Cru5h Trial & Error 


Autumn McClain, Opinion Editor

On Feb. 9, just a few weeks after its official opening, I had my first experience with Cru5h. Walking into the establishment, I noticed the modern décor: black and gray booths with a mustard yellow accent. The thick aroma of recent construction and the grills at work filled the air. The subtle smell of something new, resembling that of new car smell, lingered. A family was seated in high stools at a large block table as small children tapped about on the fresh linoleum floor.    

After taking several minutes to evaluate the complex menu, I ordered a Cru5h Cheeseburger ($7) and a Strawberry Banana Smoothie ($6). I noticed that Cru5h exempts sales tax on the receipt. While the menu indicated I should have been charged $13, I was only charged $12.50.  

I ordered my food at 6:23 p.m. and received it at 6:42, a wait of approximately twenty minutes. Considering that the restaurant was far from busy, timeliness is an area that Cru5h staff can improve upon.   

Contrary to student speculation, the food is much different from Sodexo’s student meal plan.
The burger was much higher quality and the smoothie was a  F’real, a prepackaged smoothie that is ready to go after a quick stir in their customized machine.  The burger was thick and juicy with creamy melted cheese and topped with a lightly buttered and toasted bun. A classic American cheeseburger that leaves you satisfied.   

The Menu is split into five main categories: 1) Fun on a Bun (Sandwiches); 2) B.A.D. EGG (Breakfast All Day); 3) Appz  (Tasty Stuff); 4) Mexcellente  (Southwest Flavors); and  5) Zerts  (Sweet Treats).  

The next two pages of the menu are titled “Flavor Styles” which are different combinations of toppings to put on the seven sandwich options. There are twenty-one different “Flavor Styles.” Alongside each of these flavor styles are animated stamps of characters that correlate with the creative names of each option. However, the obscure names and cartoon-like animations simply add confusion and are not at all helpful in helping the customer decide what they would like to order.  

For example, one of the names of “Flavor Styles: Breakfast Styles” is “Bloody Good” with what looks to be a black and white outline of Mr. Monopoly beside it. While this is creative and fun, it in no way helps me decide what to order. Neither the animation nor the name gives any clue to what is in this sandwich, which includes: a fried or scrambled egg, brown sugar bacon, smoky bacon jam, caramelized onions, and citrus garlic aioli.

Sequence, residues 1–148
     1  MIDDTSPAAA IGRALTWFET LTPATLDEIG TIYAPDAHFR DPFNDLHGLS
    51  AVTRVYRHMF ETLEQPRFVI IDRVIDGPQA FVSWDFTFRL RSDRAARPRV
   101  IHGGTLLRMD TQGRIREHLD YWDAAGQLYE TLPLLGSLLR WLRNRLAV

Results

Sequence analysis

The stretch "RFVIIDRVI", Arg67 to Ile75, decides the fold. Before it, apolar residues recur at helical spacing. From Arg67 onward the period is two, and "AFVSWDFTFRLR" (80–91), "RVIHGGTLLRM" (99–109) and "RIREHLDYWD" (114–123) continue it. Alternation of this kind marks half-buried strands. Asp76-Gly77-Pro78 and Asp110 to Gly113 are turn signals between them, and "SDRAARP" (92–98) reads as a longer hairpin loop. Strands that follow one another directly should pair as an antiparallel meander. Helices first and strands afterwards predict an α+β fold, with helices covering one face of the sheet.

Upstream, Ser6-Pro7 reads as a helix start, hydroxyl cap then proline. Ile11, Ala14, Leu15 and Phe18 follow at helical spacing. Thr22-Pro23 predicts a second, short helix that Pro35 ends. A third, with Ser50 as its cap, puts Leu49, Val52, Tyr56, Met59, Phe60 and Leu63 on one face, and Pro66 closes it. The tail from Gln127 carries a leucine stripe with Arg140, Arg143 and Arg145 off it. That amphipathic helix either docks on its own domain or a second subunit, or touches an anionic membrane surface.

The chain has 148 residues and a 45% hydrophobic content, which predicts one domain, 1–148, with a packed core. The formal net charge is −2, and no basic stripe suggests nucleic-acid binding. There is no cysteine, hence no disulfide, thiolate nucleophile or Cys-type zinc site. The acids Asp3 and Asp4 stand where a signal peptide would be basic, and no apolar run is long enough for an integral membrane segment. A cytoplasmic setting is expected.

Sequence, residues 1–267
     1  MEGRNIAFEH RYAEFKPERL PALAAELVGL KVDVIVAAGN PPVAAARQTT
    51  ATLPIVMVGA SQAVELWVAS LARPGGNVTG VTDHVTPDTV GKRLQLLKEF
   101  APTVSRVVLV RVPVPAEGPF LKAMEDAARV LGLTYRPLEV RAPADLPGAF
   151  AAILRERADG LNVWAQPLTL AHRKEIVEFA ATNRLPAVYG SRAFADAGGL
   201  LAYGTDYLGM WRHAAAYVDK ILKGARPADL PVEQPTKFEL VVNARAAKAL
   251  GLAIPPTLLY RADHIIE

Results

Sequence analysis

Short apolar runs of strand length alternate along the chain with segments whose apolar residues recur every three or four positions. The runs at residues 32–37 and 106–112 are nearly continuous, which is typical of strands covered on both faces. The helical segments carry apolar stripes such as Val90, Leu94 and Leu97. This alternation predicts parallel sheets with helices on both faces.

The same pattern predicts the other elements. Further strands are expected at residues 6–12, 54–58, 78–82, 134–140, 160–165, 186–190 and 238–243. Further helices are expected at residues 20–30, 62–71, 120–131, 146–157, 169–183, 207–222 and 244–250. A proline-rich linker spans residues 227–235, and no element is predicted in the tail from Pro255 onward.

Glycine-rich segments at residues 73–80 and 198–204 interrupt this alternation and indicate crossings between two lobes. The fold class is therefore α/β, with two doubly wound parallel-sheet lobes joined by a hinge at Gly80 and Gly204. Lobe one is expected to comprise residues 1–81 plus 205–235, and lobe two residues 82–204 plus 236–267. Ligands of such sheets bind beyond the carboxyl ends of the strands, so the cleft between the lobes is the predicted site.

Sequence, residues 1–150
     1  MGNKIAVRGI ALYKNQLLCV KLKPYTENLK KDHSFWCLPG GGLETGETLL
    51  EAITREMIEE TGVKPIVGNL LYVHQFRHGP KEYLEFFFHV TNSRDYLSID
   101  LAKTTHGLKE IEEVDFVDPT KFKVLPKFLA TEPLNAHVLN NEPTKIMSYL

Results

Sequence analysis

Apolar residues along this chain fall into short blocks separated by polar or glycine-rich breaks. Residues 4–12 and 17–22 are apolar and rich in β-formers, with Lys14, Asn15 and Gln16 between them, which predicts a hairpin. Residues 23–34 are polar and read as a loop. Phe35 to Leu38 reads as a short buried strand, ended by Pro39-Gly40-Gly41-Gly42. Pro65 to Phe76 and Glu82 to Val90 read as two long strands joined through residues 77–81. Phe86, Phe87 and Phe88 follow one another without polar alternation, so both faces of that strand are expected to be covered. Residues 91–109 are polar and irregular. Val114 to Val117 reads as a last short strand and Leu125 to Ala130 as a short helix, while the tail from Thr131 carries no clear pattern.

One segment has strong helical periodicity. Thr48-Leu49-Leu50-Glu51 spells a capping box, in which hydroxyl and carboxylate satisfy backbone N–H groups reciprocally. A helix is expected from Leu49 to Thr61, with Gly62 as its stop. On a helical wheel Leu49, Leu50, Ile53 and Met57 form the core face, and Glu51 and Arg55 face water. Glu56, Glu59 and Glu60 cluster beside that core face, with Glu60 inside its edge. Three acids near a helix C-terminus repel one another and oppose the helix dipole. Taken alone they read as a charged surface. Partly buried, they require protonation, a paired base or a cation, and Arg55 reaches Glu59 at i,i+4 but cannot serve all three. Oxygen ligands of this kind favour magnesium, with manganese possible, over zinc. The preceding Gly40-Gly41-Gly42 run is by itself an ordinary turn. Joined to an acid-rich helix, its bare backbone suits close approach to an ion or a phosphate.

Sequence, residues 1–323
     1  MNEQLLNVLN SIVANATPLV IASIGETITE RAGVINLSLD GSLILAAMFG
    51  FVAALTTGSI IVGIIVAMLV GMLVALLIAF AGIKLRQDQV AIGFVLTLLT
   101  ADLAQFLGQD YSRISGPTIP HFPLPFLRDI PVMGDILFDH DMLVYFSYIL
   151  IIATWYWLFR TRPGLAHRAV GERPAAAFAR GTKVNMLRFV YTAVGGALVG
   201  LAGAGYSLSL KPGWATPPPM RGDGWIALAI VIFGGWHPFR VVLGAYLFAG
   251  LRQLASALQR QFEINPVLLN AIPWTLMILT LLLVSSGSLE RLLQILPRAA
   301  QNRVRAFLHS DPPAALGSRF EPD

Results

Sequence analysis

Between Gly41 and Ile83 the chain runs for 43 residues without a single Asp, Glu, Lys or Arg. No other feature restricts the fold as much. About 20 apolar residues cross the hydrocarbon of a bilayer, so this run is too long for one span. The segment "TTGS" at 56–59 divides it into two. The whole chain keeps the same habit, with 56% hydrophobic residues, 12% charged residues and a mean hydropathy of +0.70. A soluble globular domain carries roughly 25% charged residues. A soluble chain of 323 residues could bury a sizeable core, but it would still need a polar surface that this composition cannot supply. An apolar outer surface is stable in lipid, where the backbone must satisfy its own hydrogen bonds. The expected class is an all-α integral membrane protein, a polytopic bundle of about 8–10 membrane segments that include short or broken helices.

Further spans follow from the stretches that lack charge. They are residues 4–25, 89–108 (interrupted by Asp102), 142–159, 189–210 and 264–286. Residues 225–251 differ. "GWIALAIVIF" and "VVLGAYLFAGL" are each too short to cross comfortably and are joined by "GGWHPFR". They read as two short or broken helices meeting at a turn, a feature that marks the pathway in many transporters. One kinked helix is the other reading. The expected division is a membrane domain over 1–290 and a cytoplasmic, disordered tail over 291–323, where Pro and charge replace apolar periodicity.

On top of this there are “Flavor Blasts,” which are just a variety of different sauces available.   

Cru5h Supervisor Kathy Parker admitted that the menu can be difficult for some to read.   

“A lot of times it is easier to go to the kiosk and it’ll walk you through it (the menu),” explains Parker. “When you order something, and we try to explain it, it can be a little confusing. We’re just trying to get people use to this type of menu and ordering.” 

Personally, I think it’s great that Cru5h staff are open to making improvements.   

The ordering system can be compared to that of McDonalds. You have the option to order at the counter or at the kiosk. The food is not brought to your table, but instead set on a heated counter top. Your order is then called out and you get it yourself.   

The menu is also quite pricey, especially for college students. For example, all items are priced separately. Fries are a separate item from burgers, so customers need to be aware of this ahead of time.   

Several students had complaints that there was no cookie dough in the “Chocolate Chip Cookie Dough Shake.” To address these complaints, Parker acted to satisfy customers. She added extra toppings of cookie dough, whipped cream, and a whole cookie to create a beautiful drink that was both tasty and visually appealing!   

“When you spend six to eight dollars on a shake, you should get your money’s worth,” Parker said.   “A lot of this is trial and error. It’s hard being inside the university. A lot of people don’t realize that its open to the public, too. I just hope that a lot of the students will give it a try.”   

If Cru5h continues to adapt to the wants and needs of both BV students and the Storm Lake community, its future certainly looks promising.